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French real estate for sale: Beautifull Village House. Three bedroom Town House in Herault, Languedoc-Roussillon. Beautifull Village House
€120,000
French real estate for sale: Large Town House And 2 Appartments. Six bedroom Town House in Haute-Vienne, Limousin. Large Town House And 2 Appartments
€270,000
French real estate for sale: Lovingly Restored Quercy Farmhouse. Five bedroom Farm House in Lot, Aquitaine. Lovingly Restored Quercy Farmhouse
€425
French real estate for sale: Superb Familly Home, 1st Class. Four bedroom Farm House in Haute-Vienne, Limousin. Superb Familly Home, 1st Class
€298,000
French real estate for sale: Rural Lakeside Barn With 2.5 Ha. Two bedroom Barn Conversion in Lot-et-Garonne, Aquitaine. Rural Lakeside Barn With 2.5 Ha
€225,000
French real estate for sale: Luxury 150 M2 Appartement. Three bedroom Appartment in Dordogne, Aquitaine. Luxury 150 M2 Appartement
€360,000
French real estate for sale: Property In Aude. Three bedroom Villa in Aude, Languedoc-Roussillon. Property In Aude
€275,000
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PFS France ARTICLE

ADVICE FOR PARENTS MOVING TO FRANCE WITH CHILDREN

By Rhiannon Williamson of
shelteroffshore.com

Depending on the age your child is at when you decide you want to move to France you’ll be greeted with one of a fairly set number of responses that range from quiet indifference to perceived apathy or from outright rage to silent hatred.

Basically it’s unlikely to be pretty unless your child is still a babe in arms - but it is a feat that you can achieve and as you well know, (and your child will in time come to realise), moving to France is an opportunity that could enhance and positively shape all your lives.  In this article we want to dish out two pieces of advice for parents moving to France with children because we know it’s not going to be easy and you need all the support you can get!

The very first piece of advice is this – don’t move to France until you (and your spouse if applicable) are certain of the location that you want to base yourselves in for at least the first few months.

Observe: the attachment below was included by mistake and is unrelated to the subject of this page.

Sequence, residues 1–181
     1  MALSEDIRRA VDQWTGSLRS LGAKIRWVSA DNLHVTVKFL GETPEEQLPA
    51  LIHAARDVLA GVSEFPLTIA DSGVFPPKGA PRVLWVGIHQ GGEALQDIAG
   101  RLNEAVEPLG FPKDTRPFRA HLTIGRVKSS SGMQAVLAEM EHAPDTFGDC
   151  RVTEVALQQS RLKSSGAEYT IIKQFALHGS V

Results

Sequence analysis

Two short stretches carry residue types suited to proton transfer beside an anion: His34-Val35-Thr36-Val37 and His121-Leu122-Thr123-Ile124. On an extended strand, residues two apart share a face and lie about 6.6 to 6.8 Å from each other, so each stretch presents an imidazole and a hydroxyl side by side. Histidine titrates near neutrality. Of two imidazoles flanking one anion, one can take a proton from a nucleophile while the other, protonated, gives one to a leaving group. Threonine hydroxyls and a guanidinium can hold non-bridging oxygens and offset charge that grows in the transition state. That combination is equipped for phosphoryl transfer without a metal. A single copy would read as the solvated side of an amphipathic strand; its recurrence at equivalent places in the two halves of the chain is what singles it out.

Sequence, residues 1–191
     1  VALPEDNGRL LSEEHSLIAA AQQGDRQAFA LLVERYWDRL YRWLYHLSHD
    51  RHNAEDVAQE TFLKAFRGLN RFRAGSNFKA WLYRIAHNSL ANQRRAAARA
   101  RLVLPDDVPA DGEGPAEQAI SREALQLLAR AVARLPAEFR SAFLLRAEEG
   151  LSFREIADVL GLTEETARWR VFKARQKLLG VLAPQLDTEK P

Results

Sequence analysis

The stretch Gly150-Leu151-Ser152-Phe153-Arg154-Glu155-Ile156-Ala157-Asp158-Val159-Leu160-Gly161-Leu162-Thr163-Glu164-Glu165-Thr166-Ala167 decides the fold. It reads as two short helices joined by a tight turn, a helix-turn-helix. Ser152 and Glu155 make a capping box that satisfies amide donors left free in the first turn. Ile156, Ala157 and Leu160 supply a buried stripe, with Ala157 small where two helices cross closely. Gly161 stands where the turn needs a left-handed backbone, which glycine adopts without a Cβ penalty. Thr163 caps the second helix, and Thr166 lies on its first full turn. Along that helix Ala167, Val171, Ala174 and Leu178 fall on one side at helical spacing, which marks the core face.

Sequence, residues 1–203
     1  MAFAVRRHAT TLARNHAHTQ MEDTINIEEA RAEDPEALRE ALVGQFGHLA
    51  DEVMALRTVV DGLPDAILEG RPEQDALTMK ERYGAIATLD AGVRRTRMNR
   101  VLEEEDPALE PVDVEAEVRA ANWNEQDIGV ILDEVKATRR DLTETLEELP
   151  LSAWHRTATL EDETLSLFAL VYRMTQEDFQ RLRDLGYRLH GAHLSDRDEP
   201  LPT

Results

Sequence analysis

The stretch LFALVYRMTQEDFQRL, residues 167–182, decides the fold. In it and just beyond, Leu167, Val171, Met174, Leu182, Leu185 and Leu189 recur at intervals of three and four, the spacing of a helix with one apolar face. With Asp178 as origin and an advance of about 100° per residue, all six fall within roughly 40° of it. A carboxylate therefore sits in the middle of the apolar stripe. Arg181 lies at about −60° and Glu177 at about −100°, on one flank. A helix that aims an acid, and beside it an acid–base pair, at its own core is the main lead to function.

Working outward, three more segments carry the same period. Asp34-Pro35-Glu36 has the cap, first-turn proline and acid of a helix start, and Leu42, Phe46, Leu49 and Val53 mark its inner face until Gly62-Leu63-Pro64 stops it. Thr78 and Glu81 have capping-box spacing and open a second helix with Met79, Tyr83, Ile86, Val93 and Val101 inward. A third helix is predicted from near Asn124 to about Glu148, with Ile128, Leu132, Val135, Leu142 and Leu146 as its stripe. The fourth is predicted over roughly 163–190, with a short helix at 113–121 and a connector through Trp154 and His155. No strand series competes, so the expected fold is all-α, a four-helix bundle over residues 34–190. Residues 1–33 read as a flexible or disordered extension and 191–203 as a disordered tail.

Those moving abroad without children just need to be certain of the country they’re moving to because after they arrive they can actively spend time getting to know different areas and experimenting with different locations before finally settling down - whereas those with children really need to make an effort to visit the region and location and get a home ready and lined up for occupation so that the family unit can very quickly settle back into day to day life and routine.

One of the main issues with any relocation and children is the fact that they generally cope less well with being unsettled than we as adults do.  We can rationalise it and advise ourselves over and over again that in time everything will settle down etc., because it is within our control to do so - but children need structure and familiarity and the only way to do this quickly and effectively when moving abroad to a country like France where much of life outside the home will remain unfamiliar for quite a while, is to set up a home, surround the child with their possessions and stay put!

So, if at all possible travel to France on a pre-move visit and try and get a home lined up and ready.  You can then talk to your children and given them exact details about where they will be living in France and what they can expect and you can build up their positive expectations based on facts and maybe even photos.

The second piece of advice concerns learning the language – it’s a well known fact that if you want to live in France you really have to learn French because while the French are generally well educated and all are schooled in a foreign language (usually English) to a certain standard, they are also fiercely proud of their language, culture, history and country.  If you seemingly make no effort to learn to speak French you will be less likely to be accommodated or welcomed…this of course goes for your child as well.

As soon as you begin thinking seriously about moving to France with your children you need to start seriously working with your children to learn at least basic French – and forget what your language teachers taught you at school, no one really cares about grammar and accents…the main thing is to get understood initially and you’ll pick up colloquialisms and regional dialects as well as accents, inflections and grammar rules once you live in France! 

Know that it’s far more important that your child has the confidence to use whatever amount of French they have learned than that the first sentence out of their mouth is perfectly pronounced and structured.  Encourage them all the way, lead and they will follow (which means you also have to have the confidence to open your mouth and if necessary make mistakes) and praise their every effort. 

In no time at all you’ll be ashamed of your efforts as they chat away fluently with their new found French friends!


About the Author

Rhiannon Williamson is a publisher with specialist knowledge covering literally every single aspect of moving & living abroad.

From offshore investment and offshore banking to international living and buying property abroad.

Check out her site http://www.shelteroffshore.com/ to find out how you can escape from the rat race, relocate overseas, and profit from your move!



Basse-Normandie
Covering 17,589 km², the region of Basse-Normandie has an estimated population of 1,422,193 or 81 /km².

Ever popular with British expats and easilly accessed from the UK, Normandy is ideal location if you want to live in France and work in the UK, or for the holiday home buyer who likes to relax in France at the weekend.

Despite its popularity there remains an abundance of cheap property in the region, with prices rising as you get nearer to Paris.
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